7 Facts Your Poop Reveals About Your Gut Health

7 facts your poop reveals about your gut

We all poop, but no one likes to talk about it, which is easy to discern as it all comes down to your manners — it’s embarrassing, gross, and taboo. With that said, a problem arises when people suffering from serious poop issues like constipation or diarrhea also avoid discussing this matter.

While it may not be so comfy for you, it’s quite the opposite for physicians. They are almost always concerned about your bowel habits, how your poop looks like, how frequently you poop, and so on so forth. Why is that so? According to medical professionals, your poop speaks volumes about your gut health. And since your gut health holds the key to your overall wellness, it’s crucial for them to know the different forms of poop and how they relate to your gut health. In fact, the experts at the University of Bristol designed a medical tool named Bristol Stool Scale or Bristol Stool Chart (BSS) to classify the forms of human poop into seven categories. [1]

Bristol Stool Scale

Type 1Separate hard lumps, like nuts (hard to pass)
Type 2Sausage-shaped, but lumpy
Type 3Like a sausage but with cracks on its surface
Type 4Like a sausage or snake, smooth and soft
Type 5Soft blobs with clear cut edges (easy to pass)
Type 6Fluffy pieces with ragged edges, a mushy stool
Type 7Watery, no solid pieces, entirely liquid

Here are a few things you can learn about your health just by looking at your poop.

1. Not consuming enough water and fiber

A healthy individual should be able to poop on a regular basis. Poop is a waste and your body needs to get rid of it every single day, or else, the old, rotten stools will stick to your colonic walls and start releasing toxins into your system.

However, if you’re not drinking enough water or low on dietary fiber, your poop may not come out as an ideal type 3/4 “sausage or snake-like” form (as classified on the BSS). Instead, you’ll pass hard lumps of stool after constant straining. If this is the case, you’re likely suffering from constipation due to dehydration and poor fiber diet.

2. Having IBS-predominant Constipation (IBS-C)

Another reason that your poop is hard, lumpy, or pellet-like could be IBS-C. With IBS-C, you’ll also likely experience belly cramps and bloating.

3. Having weak GI muscles

Your gut has muscles that squeeze to move things forward along your intestines. If these muscles are not strong enough to do their job, your poop will sit in your large intestine for a longer time. The longer your poop stays in your large bowel, more water is drawn from it, making it lumpy and hard.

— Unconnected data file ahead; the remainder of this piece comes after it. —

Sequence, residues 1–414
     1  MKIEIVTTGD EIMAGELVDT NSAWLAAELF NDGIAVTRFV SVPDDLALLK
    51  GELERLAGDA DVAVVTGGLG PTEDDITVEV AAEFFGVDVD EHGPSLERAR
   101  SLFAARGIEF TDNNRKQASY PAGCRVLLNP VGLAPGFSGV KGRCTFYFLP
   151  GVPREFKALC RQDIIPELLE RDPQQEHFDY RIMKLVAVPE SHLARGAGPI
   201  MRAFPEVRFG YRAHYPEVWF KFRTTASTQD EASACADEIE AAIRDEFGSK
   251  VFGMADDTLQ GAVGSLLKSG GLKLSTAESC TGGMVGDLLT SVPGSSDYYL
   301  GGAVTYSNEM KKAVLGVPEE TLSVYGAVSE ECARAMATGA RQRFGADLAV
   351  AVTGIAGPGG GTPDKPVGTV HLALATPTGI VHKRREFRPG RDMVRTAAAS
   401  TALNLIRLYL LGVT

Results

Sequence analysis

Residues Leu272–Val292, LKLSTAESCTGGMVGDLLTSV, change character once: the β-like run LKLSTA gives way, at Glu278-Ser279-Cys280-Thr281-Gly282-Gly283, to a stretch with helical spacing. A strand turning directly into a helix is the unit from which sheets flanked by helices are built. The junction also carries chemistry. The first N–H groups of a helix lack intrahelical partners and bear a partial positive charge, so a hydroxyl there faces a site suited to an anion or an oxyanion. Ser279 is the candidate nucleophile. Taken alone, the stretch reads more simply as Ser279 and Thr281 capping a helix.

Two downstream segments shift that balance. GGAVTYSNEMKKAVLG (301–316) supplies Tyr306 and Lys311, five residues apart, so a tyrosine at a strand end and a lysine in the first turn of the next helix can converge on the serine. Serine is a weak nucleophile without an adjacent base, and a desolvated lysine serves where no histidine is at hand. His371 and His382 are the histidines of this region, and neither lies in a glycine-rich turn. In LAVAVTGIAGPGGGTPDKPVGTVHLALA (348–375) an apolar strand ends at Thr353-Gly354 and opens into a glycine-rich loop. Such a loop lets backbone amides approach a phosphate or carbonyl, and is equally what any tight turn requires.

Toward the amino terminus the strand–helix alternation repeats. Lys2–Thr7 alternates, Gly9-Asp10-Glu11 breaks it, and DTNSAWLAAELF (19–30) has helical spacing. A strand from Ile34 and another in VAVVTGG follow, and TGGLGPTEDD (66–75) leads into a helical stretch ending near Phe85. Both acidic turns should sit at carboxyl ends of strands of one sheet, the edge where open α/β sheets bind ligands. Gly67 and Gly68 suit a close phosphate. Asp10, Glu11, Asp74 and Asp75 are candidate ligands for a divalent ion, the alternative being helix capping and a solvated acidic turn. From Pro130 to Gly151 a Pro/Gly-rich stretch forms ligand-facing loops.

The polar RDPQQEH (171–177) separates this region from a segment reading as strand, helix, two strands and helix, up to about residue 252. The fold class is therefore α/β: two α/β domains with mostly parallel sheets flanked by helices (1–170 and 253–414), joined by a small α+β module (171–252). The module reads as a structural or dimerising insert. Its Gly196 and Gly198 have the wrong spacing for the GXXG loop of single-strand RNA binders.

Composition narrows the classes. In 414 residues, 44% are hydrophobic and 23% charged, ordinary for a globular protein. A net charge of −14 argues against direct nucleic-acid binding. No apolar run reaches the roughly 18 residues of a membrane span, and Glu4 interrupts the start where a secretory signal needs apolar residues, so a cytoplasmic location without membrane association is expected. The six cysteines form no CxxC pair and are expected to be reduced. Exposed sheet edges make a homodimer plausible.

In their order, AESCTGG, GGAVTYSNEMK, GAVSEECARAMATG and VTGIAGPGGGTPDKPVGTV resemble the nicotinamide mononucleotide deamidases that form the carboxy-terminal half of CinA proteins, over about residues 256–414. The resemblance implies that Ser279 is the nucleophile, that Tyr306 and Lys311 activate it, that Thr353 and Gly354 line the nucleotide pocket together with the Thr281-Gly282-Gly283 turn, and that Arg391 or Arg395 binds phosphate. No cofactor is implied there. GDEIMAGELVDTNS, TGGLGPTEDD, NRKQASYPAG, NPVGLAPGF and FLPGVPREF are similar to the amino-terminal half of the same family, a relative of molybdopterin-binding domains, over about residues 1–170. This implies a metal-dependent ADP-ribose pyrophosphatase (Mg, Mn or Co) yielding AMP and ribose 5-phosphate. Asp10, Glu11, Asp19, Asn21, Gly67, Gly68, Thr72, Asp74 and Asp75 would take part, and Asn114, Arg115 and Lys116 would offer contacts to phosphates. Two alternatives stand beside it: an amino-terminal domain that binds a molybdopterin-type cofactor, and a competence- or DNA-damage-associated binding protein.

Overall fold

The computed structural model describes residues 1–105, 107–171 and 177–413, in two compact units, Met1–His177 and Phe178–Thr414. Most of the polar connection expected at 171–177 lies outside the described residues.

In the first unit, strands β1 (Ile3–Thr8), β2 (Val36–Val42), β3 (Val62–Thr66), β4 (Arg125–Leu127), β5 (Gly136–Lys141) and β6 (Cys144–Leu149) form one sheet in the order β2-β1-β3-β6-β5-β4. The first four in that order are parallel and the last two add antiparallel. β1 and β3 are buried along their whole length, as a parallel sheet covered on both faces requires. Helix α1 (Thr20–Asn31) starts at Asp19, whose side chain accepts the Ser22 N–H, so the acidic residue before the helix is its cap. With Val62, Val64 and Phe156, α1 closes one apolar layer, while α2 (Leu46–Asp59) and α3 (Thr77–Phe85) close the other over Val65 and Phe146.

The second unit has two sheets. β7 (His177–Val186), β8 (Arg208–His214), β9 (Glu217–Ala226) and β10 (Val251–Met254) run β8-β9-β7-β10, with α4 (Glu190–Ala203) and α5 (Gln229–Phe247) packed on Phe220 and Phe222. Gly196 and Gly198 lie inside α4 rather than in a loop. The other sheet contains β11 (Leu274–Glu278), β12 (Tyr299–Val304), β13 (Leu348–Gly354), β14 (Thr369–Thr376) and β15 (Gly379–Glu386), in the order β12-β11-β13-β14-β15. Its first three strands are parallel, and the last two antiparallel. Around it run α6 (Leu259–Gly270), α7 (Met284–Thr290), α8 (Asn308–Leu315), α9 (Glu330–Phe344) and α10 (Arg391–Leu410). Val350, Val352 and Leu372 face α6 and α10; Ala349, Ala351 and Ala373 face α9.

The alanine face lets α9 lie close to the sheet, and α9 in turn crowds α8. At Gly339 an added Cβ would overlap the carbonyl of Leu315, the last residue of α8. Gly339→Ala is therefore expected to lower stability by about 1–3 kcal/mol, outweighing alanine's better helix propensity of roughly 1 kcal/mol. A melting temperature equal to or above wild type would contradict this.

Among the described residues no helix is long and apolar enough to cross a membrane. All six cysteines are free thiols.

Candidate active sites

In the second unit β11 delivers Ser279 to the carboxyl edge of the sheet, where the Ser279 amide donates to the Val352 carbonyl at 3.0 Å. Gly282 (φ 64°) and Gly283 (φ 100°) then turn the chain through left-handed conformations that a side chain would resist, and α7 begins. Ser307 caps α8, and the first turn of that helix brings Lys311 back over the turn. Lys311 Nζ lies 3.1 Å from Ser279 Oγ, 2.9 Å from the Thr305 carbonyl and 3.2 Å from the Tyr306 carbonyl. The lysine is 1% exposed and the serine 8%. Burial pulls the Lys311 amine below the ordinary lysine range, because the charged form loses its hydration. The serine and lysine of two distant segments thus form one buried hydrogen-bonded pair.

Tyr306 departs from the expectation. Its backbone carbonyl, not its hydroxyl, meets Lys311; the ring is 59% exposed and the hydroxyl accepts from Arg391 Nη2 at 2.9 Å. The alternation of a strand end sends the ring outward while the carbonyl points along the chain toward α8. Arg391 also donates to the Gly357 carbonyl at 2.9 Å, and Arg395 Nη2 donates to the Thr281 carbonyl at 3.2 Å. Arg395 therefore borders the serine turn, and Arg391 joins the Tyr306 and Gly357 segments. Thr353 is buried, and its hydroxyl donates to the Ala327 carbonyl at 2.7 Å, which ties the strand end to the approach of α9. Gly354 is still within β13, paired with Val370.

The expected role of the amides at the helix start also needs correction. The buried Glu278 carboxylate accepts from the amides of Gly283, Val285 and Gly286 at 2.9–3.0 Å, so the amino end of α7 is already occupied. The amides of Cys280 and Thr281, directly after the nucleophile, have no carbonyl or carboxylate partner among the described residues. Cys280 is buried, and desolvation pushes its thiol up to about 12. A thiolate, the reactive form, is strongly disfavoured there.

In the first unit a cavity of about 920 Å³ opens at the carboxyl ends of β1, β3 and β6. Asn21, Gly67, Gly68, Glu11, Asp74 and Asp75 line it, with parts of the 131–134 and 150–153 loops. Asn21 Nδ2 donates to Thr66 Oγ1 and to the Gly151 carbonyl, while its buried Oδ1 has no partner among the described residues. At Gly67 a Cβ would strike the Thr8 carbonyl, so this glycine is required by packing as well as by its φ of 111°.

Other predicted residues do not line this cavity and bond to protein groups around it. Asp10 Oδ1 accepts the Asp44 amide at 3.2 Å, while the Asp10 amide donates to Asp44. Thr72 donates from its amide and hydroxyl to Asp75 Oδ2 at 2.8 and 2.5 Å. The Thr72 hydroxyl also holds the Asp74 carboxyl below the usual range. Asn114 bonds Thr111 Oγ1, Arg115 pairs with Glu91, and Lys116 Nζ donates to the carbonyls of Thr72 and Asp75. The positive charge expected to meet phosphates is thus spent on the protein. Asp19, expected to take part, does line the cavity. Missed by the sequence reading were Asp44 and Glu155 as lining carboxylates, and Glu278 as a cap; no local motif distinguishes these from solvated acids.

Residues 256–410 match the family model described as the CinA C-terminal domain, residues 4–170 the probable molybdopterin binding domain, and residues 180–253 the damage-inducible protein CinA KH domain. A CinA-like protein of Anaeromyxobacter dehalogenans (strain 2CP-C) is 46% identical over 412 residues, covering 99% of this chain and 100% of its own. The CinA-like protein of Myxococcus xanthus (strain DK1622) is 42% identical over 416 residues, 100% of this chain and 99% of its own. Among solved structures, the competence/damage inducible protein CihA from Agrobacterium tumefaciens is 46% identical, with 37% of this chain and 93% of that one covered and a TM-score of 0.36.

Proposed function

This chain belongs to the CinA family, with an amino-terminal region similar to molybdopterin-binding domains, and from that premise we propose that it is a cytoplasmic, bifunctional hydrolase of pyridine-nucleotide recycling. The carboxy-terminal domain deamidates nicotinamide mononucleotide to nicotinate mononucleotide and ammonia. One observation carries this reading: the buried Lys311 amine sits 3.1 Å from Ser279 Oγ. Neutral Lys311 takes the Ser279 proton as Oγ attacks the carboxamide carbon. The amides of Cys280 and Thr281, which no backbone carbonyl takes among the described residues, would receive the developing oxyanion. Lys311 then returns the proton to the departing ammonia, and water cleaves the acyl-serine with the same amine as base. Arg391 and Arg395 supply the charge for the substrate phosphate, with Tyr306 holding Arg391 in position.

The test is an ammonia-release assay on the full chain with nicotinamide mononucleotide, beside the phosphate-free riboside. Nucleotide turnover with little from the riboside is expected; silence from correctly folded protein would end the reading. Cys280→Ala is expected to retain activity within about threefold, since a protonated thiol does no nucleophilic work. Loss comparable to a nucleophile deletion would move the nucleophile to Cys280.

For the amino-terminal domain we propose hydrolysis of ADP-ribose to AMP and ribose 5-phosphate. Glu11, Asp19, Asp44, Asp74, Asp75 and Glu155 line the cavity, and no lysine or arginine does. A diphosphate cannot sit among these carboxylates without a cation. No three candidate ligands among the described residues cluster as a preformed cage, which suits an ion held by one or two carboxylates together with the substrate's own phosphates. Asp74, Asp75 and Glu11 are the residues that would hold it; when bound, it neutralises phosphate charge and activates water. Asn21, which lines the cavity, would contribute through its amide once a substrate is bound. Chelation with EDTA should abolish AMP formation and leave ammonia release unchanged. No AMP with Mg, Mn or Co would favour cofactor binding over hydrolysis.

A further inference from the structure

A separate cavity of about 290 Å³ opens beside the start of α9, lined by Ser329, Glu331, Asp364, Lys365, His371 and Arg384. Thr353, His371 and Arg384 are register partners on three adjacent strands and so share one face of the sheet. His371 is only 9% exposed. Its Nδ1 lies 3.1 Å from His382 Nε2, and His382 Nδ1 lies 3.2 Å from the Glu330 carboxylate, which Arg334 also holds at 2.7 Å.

4. Having IBS-predominant Diarrhea (IBS-D)

Provided that food poisoning has been excluded, passing watery stools on a regular basis can be a sign of IBS-predominant diarrhea (IBS-D), SIBO, or food sensitivities. If you’re passing this type of poop, be sure to talk to your doctor to address the underlying cause.

5. Indicating serious bowel issues

Sometimes, your poop may be harder or mushier to pass due to more serious causes like inflammatory bowel disease (IBD) or colon cancer.

6. Revealing the health of your Gut Bacteria

More interesting is the relation between the look of your poop and the makeup of your gut microbiome. Diving into this fact, Dr. Vandeputte and fellows reveal how the consistency of your poop reflects major alterations in the composition of your gut bacteria. According to these experts, your poop changes as the makeup of your gut microbiome changes. [2] People with a balanced gut flora will likely have normal type 3 or type 4 poops as opposed to those with unhealthy gut microbes.

7. Signaling a serious GI bleed

A change in the color of your poop is also important. Passing black, tarry, sticky, shiny poop may indicate an upper stomach bleed. However, be sure to exclude more trivial causes beforehand, in particular, the intake of medicines like Pepto-Bismol or iron supplements. Similarly, a bright red poop could be a red flag for lower GI bleed.

Support your Gut Microbiome and bowel health

The type, shape, color, and consistency of your poop can give you a whole lot of insight into your gut health. Any poop types other than the type 3 or 4 on a BSS, are not normal and require more work to be done. Besides, if you’re spending more time in the toilet or running to make it just in time, your bowel movements are not normal and need to be addressed. Hence, we recommend touch-basing with your doctor whenever you have an alteration in your bowel habits that is outside of the norm.

Moreover, since an imbalance in your gut bacteria can also contribute to dehydrated or diarrheal stools, it’s important that you balance your gut flora with a high-quality probiotic like that of MicrobiomePlus. Likewise, consider ridding your body of the waste stacked up within your bowels by using the Microbiome Plus+ Colon Cleanse and Detox.

References

  1. Lewis SJ, Heaton KW. Stool form scale as a useful guide to intestinal transit time. Scand J Gastroenterol. 1997;32(9):920-4.
  2. Vandeputte D, Falony G, Vieira-Silva S, Tito RY, Joossens M, Raes J. Stool consistency is strongly associated with gut microbiota richness and composition, enterotypes and bacterial growth rates. Gut. 2015;65(1):57–62. doi:10.1136/gutjnl-2015-309618.

 

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